Made with sugar, not high fructose corn syrup: Somehow, the food industry has turned sugar into a health food. In terms of calories, sugar is equal to high fructose corn syrup. If you actually prefer sugar to HFCS, that’s fine, but the change won’t help you shed pounds. And the food itself is probably not that healthy.

Yellow Flags

Diet: Read the label to make sure you’re getting what you’re expecting. Sometimes it’s OK, but sometimes there are nasty surprises. A low calorie, but high sodium food is a common offender.

Organic: It does not mean “healthy”. Regular rules apply.

Natural: It also does not mean “healthy”. Regular rules apply.

Why isn’t reducing oil use a rallying point for the Right?

This is something that has mystified me about conservative thinking in the United States.

The Right is in love with drilling more oil in the United States to reduce our dependency on foreign sources. But even if there is enough domestic oil to satiate our thirst, it will be many years before the production can actually come on line.

Meanwhile, because of the United States’ great oil consumption:
* The United States economy is dependent on potentially unstable regions
* American money is flowing into places like Venezuela and Islamic Middle Eastern countries, some of the Right’s favorite foils

It seems that advocating reduction in oil use and developing oil alternatives would be a natural fit for a mindset that highly values national security. But I’ve never heard a conservative talking head say “Those gas-guzzlers are helping us give Chavez more money”. It’s more like “Hybrids LOL” or “The government can’t tell me what to drive; I have my rights.”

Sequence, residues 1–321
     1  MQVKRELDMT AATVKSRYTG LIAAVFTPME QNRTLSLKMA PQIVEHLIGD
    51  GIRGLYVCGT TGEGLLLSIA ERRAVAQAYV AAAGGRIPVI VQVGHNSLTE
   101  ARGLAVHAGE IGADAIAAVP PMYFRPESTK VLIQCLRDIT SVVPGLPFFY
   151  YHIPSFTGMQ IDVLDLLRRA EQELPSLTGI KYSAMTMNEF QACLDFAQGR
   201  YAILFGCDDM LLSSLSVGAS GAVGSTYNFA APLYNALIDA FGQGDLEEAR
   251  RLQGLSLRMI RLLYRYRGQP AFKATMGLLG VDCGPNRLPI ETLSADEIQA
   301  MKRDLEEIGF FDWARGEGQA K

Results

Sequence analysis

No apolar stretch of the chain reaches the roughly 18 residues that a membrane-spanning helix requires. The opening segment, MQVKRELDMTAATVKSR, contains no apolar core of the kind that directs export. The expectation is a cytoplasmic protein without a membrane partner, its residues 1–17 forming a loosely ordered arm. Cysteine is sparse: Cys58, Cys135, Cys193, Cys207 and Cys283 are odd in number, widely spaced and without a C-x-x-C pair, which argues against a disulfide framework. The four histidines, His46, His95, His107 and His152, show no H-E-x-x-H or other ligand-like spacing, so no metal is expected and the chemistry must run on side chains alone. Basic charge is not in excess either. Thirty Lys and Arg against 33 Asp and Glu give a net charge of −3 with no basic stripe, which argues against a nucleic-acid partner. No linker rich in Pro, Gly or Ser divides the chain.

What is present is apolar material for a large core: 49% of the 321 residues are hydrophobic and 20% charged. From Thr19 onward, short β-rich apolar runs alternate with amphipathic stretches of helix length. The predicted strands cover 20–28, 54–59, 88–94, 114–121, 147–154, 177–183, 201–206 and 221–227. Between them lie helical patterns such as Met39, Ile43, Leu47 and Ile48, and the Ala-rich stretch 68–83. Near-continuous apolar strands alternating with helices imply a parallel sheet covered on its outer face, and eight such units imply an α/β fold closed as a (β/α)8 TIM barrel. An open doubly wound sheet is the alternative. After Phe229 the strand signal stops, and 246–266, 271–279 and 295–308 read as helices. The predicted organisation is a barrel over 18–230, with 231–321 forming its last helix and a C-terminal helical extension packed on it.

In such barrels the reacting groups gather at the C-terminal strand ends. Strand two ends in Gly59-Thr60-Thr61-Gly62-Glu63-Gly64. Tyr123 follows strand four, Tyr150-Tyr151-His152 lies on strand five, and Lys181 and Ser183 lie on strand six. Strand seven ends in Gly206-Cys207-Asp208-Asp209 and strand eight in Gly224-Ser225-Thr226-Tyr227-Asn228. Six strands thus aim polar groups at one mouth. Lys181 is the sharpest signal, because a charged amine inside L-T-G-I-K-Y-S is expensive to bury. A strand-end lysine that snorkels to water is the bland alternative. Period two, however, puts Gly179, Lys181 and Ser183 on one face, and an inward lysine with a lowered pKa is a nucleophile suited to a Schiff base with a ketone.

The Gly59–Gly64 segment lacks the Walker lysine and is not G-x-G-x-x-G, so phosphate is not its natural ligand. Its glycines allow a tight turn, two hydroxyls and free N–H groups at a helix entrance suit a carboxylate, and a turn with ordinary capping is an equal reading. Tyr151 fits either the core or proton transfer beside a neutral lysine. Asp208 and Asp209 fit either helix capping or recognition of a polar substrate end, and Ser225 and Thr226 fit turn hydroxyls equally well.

(Alternative energy sources are routinely derided by some conservatives as well, even ones who say they have faith in the ability of humans to make great technological advances. I can’t help but think some on the Right belittle alternative energy simply because the Left likes it.)


Irony is people who complain about how useless science is while typing their opinion on the Internet.

Then when someone points out the Internet required science to be created, they will counter “that’s not science, that’s technology”.

The Writings of Mascotdamus


That picture is of the great seer Mascotdamus who lived back in the 1500’s. (Yes, my parents named me after him.) He made all these prophecies in the form of “quatrains”, four-line poems. He was in competition with some human named Nostradamus, but while Nostradamus has been pretty much debunked, no one seems to have challenged Mascotdamus. Here are some of the few that have been translated from Eggish to English:

Half and half, this is a leader
Not how one augments morning drink.
He is limited by his birthright.
Half and half is the support of his people.

This is obviously talking about Obama, how he is half-white/half-black, and his approval rating is about 50%. The morning drink part was to make sure no one confused the “half and half” with the stuff you put in coffee. Compared with that poser Nostradamus, Mascotdamus was very specific.

The northern men were always strong
Until the scarlet-clad rose in anger
And won four victories
Before the north drank from a new goblet.

Amazingly, Mascotdamus even made predictions about Major League Baseball! The Red Sox will win two more World Series while George Steinbrenner owns the Yankees (“the northern men”). And a goblet is a type of cup, and so is a stein. So drinking from a new goblet means the younger Steinbrenner will take over.

One of my own name
From a land of milk and grain
Will use the universal flame.
If [he is] not heeded, there will be needless death.

I was named after him and I was born near Battle Creek, Michigan. That’s where Kellogg’s is located (they make cereal, and you pour milk on cereal.) So the prophecy refers to me. And the universal flame must be the Internet, because everyone can access it. So if you don’t do what I say, you’re all going to die.